Herbal Salt

Lynn Alley describes how make fresh-herb flavored salts.
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Lynn Alley describes how make fresh-herb flavored salts.

Designer salt is like the new olive oil, with just as many (possibly more) variations. You can probably imagine drizzling a rich, fruity olive oil over some garden-ripe tomatoes, but what about sprinkling basil-and-garlic salt on a batch of freshly made French fries, or topping a nice mountain of guacamole with a cilantro-and-lime salt?

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As I mentioned in my last post about salt, there are many specialty salts available today—grey, pink, red and black—that come from various regions and deposits around the Earth and sea, each presenting slightly different textures and flavor nuances, and all infinitely more interesting than plain ol’ table salt. And while I have a selection of these beauties at home, I’m talking today about easy herb “finishing” salts that you can tailor to your meal, prepare in a moment, and use to add a gourmet touch to almost any dish, from salads to even, well, ice cream!

Let me say that you cannot underestimate the role that salt plays in enhancing flavors. Salt interferes with the bitter taste receptors on your tongue, and as a result, you taste the more desirable flavors in a dish instead of its bitter elements. Plus adequate salt makes all the flavors in a dish become more interesting as they somehow jump out at you.

And for a special dish, dinner, or occasion, whipping up a batch of salt using herbs fresh from the garden or farmers market can't be beat. All you need is a mortar and pestle or coffee mill, a box of kosher salt, and some herbs. (You can make flavored salts using dried herbs, flowers or spices, but I’m talking about using fresh herbs here, the simple art of blending some fresh herbs with coarse salt for a great finish.)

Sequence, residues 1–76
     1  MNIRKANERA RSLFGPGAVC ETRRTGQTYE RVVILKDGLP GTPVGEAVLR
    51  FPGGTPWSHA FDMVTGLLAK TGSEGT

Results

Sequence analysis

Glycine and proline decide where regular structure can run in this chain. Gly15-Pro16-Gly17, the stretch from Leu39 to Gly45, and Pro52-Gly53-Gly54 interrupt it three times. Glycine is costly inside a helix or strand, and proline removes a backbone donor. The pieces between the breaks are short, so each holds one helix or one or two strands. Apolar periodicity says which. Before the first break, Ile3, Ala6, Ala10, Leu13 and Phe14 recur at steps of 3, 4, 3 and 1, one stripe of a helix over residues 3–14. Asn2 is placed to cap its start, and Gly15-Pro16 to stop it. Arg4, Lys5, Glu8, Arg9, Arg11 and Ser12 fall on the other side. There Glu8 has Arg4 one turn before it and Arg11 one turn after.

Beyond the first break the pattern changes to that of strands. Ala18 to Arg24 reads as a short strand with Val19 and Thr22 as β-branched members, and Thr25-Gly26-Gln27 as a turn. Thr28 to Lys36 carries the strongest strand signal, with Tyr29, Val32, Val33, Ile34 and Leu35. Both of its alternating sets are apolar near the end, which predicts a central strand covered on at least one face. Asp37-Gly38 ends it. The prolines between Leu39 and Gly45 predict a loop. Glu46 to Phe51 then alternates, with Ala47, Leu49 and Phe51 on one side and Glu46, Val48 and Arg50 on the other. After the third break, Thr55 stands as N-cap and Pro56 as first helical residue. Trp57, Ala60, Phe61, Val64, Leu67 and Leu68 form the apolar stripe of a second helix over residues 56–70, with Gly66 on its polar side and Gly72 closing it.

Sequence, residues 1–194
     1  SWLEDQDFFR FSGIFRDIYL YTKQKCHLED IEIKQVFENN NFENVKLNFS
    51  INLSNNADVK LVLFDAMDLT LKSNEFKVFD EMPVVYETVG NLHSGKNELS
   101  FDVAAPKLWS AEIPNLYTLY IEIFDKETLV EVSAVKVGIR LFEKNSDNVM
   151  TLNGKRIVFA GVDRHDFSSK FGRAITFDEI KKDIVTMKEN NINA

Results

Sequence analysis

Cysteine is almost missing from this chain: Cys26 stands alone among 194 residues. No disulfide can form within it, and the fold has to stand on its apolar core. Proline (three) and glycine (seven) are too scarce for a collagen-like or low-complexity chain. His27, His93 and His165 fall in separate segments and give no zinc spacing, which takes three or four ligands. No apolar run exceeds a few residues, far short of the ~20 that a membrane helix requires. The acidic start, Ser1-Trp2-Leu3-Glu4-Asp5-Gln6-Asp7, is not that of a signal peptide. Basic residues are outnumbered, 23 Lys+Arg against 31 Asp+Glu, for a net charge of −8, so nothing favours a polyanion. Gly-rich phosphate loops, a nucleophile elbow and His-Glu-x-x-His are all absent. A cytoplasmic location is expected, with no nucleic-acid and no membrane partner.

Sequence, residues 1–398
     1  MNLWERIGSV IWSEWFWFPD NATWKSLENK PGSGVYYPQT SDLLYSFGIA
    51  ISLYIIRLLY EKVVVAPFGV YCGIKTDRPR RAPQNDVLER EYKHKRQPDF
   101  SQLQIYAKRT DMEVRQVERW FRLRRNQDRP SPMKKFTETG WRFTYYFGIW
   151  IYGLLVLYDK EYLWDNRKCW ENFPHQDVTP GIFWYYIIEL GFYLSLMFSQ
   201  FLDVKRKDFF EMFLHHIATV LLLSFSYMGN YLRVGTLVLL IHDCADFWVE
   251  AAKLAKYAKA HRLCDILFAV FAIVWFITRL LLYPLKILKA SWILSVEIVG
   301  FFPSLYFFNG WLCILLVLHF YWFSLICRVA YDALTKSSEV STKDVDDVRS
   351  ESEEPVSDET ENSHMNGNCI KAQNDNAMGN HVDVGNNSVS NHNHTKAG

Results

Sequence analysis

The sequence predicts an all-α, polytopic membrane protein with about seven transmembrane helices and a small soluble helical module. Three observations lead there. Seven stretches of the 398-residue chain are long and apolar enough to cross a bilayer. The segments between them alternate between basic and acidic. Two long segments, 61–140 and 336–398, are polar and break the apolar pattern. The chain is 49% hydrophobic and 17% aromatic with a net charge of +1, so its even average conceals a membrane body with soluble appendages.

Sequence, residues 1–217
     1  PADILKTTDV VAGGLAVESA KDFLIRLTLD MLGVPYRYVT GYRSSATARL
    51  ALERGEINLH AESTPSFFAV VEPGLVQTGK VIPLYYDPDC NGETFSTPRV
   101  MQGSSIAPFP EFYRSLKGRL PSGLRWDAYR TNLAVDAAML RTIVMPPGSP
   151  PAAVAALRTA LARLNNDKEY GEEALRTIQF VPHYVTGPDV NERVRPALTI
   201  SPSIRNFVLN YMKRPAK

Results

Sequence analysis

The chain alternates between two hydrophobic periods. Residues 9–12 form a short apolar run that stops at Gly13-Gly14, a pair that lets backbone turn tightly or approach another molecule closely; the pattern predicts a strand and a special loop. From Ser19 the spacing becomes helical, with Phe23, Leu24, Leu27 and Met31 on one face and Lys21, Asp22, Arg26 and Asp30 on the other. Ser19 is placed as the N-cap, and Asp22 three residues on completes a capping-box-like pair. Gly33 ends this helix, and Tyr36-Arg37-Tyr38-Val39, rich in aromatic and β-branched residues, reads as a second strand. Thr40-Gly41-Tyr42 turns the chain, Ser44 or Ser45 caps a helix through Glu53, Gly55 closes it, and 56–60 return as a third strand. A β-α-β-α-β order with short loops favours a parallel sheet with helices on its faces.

Mixing fresh herbs with salt is not a new concept. Salamoia for instance, is a classic Italian blend of rosemary, sage and garlic preserved in salt that is used to flavor breads, meats, soups, and sauces. Here are simple directions for whipping up a batch in your kitchen:

1/3 cup rosemary leaves (and tender stems)

1/3 cup sage leaves

1 clove of garlic

1/3-1/2 cup kosher or coarse-grain sea salt

You can make the blend by hand in a mortar and pestle, however, using a mini-food processor, coffee mill or spice grinder is a lot easier.

I like to begin by pulverizing the plant matter. Place the rosemary, sage and garlic in the grinder and let it run until it's chopped fairly evenly and fine. Then add the salt and continue to run until the salt is the desired texture and the plant matter is thoroughly blended in.

Letting the mixture stand for a few hours before serving allows the flavors to mellow and blend thoroughly. You can either sprinkle your salt over dishes in the kitchen before you serve them, or you can place a small bowl of the salt on the table and allow guests to “dress” their own foods.

Obviously, you can substitute any fresh herb or mixture of herbs you desire for the rosemary and sage.

And here’s another idea while you’re in the kitchen and playing with salt and herbs: Fresh-herb bath salts!

Same principles apply. For a purifying and refreshing bath, blend on cup of salt with half a cup of finely blended plant matter (such as lavender, mint, lemon peel), then add in a few drops of essential oil. One of my favorite bath blends is a cup of salt to half a cup of fresh pine needles, blended with some pine or cedar oil. It’s important to blend the plant matter thoroughly so that there are no big pieces of herbs floating around in your bath or clogging up the drain!